Sunday, June 10, 2012

Olive Oil: Are They Trying to Slip Something Past Us?

After an incredible olive oil tasting while visiting New York last month, and reading an eye opening book on the olive oil industry by Tom Mueller, called "Extra Virginity: The Sublime and Scandalous World of Olive Oil", I thought it would be worth looking at the product with a more critical eye.


At this stage, the health benefits of olive oil are unquestioned. This followed a landmark study in the New England Journal of Medicine, 2003, that found that a Mediterranean Diet was associated with a 25% drop in mortality, specifically in heart disease and cancer. Much of that benefit is thought to be due to the HIGH percentage of mono-unsaturated (heart healthy) fat in olive oil.
Olive oil also lowers LDL (bad cholesterol) and raises HDL (good), as well as providing anti-inflammatory properties, anti-thrombotic and anti-hypertensive properties.

The price range in our local grocery store is immense going from $6.00 (Canadian!) to upwards of $80.00 per litre! What accounts for this kind of discrepancy, and is it warranted?

First, I think some definitions are in order.

If we use the definitions of the International Olive Council (IOC), based in Spain, and which the USA is NOT (!) a member of, these are some important definitions.

Olive Oil : a Blend of Virgin and Regular Olive oil, with an acidity level of <2% acidity.

Virgin Olive Oil: Coming from ONLY Physical extraction of the olives, and NO heat or chemical extraction. It has an acidity of <1.5% and must be physcially pressed, or centrifuged ( in larger factories).

Extra Virgin Olive Oil: The Highest Grade Virgin Oil, with <0.8% acidity. No chemical or flavour defects are allowed, as determined by IOC testing. Best tasting, and ideal for dressings, or on its own.

Be aware, though, as the USA is NOT a member of the IOC, any bottle can label itself Extra Virgin, without meeting the above standards!
Finally, take note: Although many companies "sound" Italian, or even state "Product of Italy", this ONLY indicates that the production of the oil occurred in Italy, and is NOT necessarily the source of the olives.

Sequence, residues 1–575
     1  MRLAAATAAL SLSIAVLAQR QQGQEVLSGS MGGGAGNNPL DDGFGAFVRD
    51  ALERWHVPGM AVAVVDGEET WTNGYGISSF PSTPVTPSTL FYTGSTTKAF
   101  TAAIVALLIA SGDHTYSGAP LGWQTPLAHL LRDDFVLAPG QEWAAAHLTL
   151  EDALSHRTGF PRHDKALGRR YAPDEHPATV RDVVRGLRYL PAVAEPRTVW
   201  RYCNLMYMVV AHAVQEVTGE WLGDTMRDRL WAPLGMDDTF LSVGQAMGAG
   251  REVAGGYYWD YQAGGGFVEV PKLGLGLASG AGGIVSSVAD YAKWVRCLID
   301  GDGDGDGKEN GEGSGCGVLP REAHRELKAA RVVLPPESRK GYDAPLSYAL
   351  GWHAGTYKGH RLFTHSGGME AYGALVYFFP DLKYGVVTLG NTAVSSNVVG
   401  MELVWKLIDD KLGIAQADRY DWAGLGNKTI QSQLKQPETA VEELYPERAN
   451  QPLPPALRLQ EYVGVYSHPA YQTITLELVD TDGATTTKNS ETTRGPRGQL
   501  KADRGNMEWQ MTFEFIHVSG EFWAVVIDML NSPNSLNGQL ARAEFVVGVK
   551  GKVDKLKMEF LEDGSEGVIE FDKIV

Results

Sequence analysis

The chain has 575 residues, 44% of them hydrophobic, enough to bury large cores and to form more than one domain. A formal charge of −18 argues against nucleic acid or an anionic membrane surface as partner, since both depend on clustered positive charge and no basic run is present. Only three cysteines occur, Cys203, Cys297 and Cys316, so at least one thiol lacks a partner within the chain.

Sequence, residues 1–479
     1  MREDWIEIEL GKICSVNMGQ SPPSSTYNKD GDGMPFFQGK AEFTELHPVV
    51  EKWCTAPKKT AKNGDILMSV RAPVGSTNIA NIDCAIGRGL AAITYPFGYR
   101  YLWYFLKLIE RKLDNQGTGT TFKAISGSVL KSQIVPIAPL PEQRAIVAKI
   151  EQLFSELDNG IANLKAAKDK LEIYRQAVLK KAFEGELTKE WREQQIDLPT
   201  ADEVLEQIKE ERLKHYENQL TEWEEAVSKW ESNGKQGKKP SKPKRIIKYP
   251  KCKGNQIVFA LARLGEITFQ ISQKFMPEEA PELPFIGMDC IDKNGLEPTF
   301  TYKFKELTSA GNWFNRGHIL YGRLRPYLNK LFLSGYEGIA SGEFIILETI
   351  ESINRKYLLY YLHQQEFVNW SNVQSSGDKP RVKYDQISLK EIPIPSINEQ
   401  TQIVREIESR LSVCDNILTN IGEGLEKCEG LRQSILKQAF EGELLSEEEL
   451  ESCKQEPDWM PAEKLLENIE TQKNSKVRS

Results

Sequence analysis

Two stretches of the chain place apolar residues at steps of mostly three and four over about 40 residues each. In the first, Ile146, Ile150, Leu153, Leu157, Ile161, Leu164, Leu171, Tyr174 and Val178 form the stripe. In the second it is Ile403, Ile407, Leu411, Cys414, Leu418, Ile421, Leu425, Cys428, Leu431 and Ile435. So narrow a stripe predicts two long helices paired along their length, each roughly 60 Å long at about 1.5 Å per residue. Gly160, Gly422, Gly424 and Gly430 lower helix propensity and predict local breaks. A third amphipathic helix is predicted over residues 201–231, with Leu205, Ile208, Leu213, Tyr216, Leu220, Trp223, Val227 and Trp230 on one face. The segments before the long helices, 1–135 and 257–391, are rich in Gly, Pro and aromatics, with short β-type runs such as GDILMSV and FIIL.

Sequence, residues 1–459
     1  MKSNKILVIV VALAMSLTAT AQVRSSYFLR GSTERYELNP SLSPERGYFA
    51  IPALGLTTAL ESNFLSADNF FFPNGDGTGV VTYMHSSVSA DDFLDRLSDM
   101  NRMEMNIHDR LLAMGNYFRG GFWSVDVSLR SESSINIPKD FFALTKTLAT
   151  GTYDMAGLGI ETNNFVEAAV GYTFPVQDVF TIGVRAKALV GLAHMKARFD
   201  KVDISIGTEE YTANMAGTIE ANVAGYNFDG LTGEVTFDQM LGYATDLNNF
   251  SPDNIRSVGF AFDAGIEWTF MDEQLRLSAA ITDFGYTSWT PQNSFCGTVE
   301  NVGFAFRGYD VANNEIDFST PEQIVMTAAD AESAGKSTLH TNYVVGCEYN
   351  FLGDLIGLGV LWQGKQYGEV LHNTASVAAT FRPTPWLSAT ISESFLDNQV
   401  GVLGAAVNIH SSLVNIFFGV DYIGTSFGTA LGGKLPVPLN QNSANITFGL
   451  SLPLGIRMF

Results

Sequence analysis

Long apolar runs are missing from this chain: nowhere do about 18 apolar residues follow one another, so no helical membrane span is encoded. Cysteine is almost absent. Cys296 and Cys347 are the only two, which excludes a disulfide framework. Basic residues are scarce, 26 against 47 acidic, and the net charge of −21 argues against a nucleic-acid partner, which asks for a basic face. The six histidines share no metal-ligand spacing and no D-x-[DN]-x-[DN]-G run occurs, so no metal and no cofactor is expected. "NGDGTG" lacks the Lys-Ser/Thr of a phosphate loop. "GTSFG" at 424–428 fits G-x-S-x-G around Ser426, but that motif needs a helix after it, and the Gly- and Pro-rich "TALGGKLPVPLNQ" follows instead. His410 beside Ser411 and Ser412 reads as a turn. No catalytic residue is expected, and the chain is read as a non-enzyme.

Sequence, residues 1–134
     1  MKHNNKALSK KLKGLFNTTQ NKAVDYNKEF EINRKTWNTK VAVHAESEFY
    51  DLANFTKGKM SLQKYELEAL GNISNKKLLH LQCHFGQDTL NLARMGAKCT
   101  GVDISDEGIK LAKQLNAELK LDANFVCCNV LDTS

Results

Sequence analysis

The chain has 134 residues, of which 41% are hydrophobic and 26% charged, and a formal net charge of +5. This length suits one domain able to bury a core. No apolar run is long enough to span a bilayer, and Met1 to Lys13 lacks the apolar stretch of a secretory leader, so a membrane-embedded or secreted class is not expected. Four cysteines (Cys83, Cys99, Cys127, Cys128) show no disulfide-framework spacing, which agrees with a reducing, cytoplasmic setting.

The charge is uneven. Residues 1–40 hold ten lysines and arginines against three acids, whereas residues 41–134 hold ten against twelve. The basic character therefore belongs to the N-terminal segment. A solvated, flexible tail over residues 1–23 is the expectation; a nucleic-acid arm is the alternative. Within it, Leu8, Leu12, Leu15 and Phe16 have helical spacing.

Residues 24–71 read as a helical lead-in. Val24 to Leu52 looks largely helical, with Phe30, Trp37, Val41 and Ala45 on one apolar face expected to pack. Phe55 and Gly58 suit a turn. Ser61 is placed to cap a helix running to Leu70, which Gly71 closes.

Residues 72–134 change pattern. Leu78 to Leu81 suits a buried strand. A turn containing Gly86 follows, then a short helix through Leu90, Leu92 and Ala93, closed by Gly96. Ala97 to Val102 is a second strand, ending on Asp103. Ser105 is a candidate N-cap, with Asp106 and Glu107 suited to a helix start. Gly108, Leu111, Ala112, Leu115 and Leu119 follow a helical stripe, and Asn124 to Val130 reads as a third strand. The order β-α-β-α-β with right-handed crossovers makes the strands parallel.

In fact, most of the actual olives from Italy, STAY in Italy, for Italians to enjoy. The source of MOST Italian olive oil for export comes from other countries and are blended to produce their oil.
Other top producers to consider are from Spain, Greece, and Portugal. Australia, South Africa, Argentia, Chile and California are now also beginning to produce better quality oils.

So, What Should I Do?

Good Question. For cooking, I recommend definitely NOT using an Extra Virgin. The smoke point is too low for a lot of cooking (350 F), and if your heat is going to go higher than that, the oil is likely to burn and wreck things. Use something else. Even a cheap regular olive oil is a good choice, as the blend of oil has a higher smoking point.

For dressings, dipping bread etc, definitely the best quality Extra Virgin you can afford. Go to a reputable
specialty store, where they should allow you to taste what you are buying. Watch your labels, if you care about legitamacy, although it doesn't always correlate with taste! (see here: Cooks Illustrated Taste Testing)
Look for harvest dates on higher end bottles, and try to use it within the year, and store in a dark place away from direct sunlight.

Enjoy them like a fine wine, and save some for me!

Let me know what you think!! Do you care about where and how your olives come to you?


  1. Great post Frank! I always wonder if my olive oil is adulterated,as in,not 100 % genuine extra virgin olive oil.Am I getting olive oil blended with some other kind of oil? I contacted Publix,a large grocery store,in Florida,where I live,and stated my concerns.A few weeks later,a rep from Vigo called me,and stated that they only use olive oil,nothing else.It gets shipped to the U.S. in enormous bladders,and is bottled here in the U.S. .I still wonder if it isn't adulterated before it comes to the U.S. And like you stated in your post,where are the actual olives coming from? Makes a person a little wary of paying a premium price,and not really knowing what you're getting.

    1. Yup. Until North America (Canada too!) can their act together on labelling, we can't even trust the EVOO title. As in the post, I tend to use the cheap stuff where you won't taste much difference, and save the nice stuff for those special occasions and special people! :)

  2. Hi, onepercent99! I also buy my olive oil from Publix here in Florida. I usually wait for the BoGo free deal for the big bottles of olive oil. Right now, I have a liter of Badia from Spain (I think my hubby bought that one). Although olive oil is more expensive than regular vegetable oil, I noticed that I pour A LOT LESS olive oil when frying something because of its tendency to burn faster and also because it has a much stronger taste. I've also stopped deep frying since I started using "OO". So in the end,my cooking oil expense is lower now plus there's more benefit to using "OO". I've also stopped using creamy dressings on our salads and instead just mix "OO" with a bit of fresh lime and garlic salt.